It’s important to be a critical reader and to evaluate the sources an author uses to provide evidence in their writing. Just because you read it doesn’t mean something is true. So, consider the sources used by the writer in the text.

Primary sources provide first-hand accounts from people who were there or experienced an event or time period. They are generally considered the most trustworthy type of source because these are actual witnesses.

Secondary sources are interpretations, analysis, or synthesis of first-hand accounts by people who have studied the topic, maybe, but who didn’t experience an event or period themselves.

Consider the ethos or credibility of the sources being used and what authority they have to speak on a particular subject. Consider the date of the information—is it new and relevant or old and outdated? Evaluating the sources an author uses and analyzing their credibility and relativity is important for a critical reader.

Analyze the Text

Sometimes a reader can glean information from a text just by looking at it. Analyzing the structure of the text, looking at how it’s organized, whether it’s broken down into sections, whether there are graphics or images that accompany it, if there’s anything bolded or italicized—all of these clues can help the reader make meaning and know what to look for as they read. They also give a sense of how the author expects the reader to interact with the text and what they might be emphasizing with the choices they make.

Identify Key Steps in a Process

Science and technical writing, especially, rely on presenting information in a series of steps. Understanding how to read through those steps and follow them from one to the next in a sequential manner is a critical reading skill.

Look for Character, Event, and Idea Development

In fictional writing, authors build their plot based on a particular formula that involves introducing the characters and the setting, then introducing some conflict during a series of events, then having the main character face a challenging or difficult decision, explaining what happens as a result of that decision, and then wrapping things up before the text ends. As you read, look to see how the author develops the characters, what order events are presented in, and how the ideas are developed over the course of the story.

Look for Causation

A common organizational structure for expository texts is cause-and-effect. As you are reading, look to see if you can identify a cause of action and then what happens as a result, or what the relationships are between the ideas or concepts presented in the text.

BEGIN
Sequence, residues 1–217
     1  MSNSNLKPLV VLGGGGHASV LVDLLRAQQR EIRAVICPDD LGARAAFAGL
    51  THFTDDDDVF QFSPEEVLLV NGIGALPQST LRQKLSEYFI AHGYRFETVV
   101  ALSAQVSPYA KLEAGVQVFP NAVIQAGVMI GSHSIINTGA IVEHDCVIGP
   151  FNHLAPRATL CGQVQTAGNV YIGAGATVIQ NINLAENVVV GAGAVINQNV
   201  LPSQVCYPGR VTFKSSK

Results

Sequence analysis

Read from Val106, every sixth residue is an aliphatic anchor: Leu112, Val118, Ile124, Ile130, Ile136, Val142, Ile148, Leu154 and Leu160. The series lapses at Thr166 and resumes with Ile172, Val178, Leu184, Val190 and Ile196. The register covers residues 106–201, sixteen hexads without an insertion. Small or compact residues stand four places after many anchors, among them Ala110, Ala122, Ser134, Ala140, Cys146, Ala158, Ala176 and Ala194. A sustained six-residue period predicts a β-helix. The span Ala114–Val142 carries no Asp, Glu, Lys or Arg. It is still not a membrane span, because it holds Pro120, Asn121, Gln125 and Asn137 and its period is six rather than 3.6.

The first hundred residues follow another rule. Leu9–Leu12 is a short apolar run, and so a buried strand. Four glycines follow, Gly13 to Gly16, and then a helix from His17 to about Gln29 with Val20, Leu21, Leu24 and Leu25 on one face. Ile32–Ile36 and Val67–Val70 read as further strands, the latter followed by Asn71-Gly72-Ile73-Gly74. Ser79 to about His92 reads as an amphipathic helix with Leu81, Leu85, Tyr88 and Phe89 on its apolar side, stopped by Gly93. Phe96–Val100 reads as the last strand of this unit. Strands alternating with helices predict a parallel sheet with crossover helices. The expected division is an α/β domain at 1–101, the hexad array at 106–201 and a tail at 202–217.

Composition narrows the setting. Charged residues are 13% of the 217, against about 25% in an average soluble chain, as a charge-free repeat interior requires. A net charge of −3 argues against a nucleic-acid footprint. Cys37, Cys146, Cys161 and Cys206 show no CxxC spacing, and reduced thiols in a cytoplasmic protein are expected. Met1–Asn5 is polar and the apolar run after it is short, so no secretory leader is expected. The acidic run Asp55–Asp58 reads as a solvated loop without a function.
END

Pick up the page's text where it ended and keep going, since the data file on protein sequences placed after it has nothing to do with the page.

Thinking Critically about What You Read

Although reading can be a lot of fun, many literary works were created to be analyzed or used as a mirror, of sorts, placed up to the society of that time. For that reason, several critical tools have been developed, which include the following: fact, opinion, fallacy, bias, stereotype, circular reasoning, false dichotomy, overgeneralization, credibility of the author, and summarizing/paraphrasing.

A fact is an indisputable piece of information supported by evidence. Facts are not subjective, but objective. This would include the statement, “The sun rises in the morning and sets in the evening.”

An opinion is the opposite. Rather than providing an objective piece of information, an opinion provides the audience with a subjective piece of information, colored by the thoughts, background, and ideas of the author.

A fallacy is a faulty argument, in which an author appeals to a false authority to prove a point. This might include a red herring fallacy, wherein the author tries to distract the audience from the point at hand, using a seemingly relevant argument.

A bias is a prejudice in favor of one thing, one person, or one group. Bias comes in many shapes and forms. It may be as simple as seeing a situation only from one perspective or as complex as regarding an entire group of people in one way based on one person’s actions or antiquated ideas.

A stereotype is a belief that is widely held, but oversimplified. Stereotypes are frequently used in coined phrases, or simple statements, such as the stereotype that Americans are all loud and boastful.

Circular reasoning is reasoning wherein the conclusion is used as proof of the facts, rather than the other way around. This most often takes the form of “This is true because that is true. And that is true because this is true.”

A false dichotomy is an argument where only two options are given, when numerous options are available. This is most commonly seen in black-and-white thinking, or saying there is only one right way, when there are many ways to complete a task.

An overgeneralization is similar to a stereotype in that it makes judgments over a large group of people or things, without considering the nuances present within a large group. A large generalization might be the notion that all teenage girls frequent Starbucks, or that all elderly people are grumpy.

The credibility of the author is an important factor in analyzing an argument or literary work, as an author might make an argument without legitimate claims to authority. For instance, someone without any experience with the medical or nutrition fields might write an essay about health and nutrition. Without credible sources and studies, this individual is not likely to be a credible, believable author.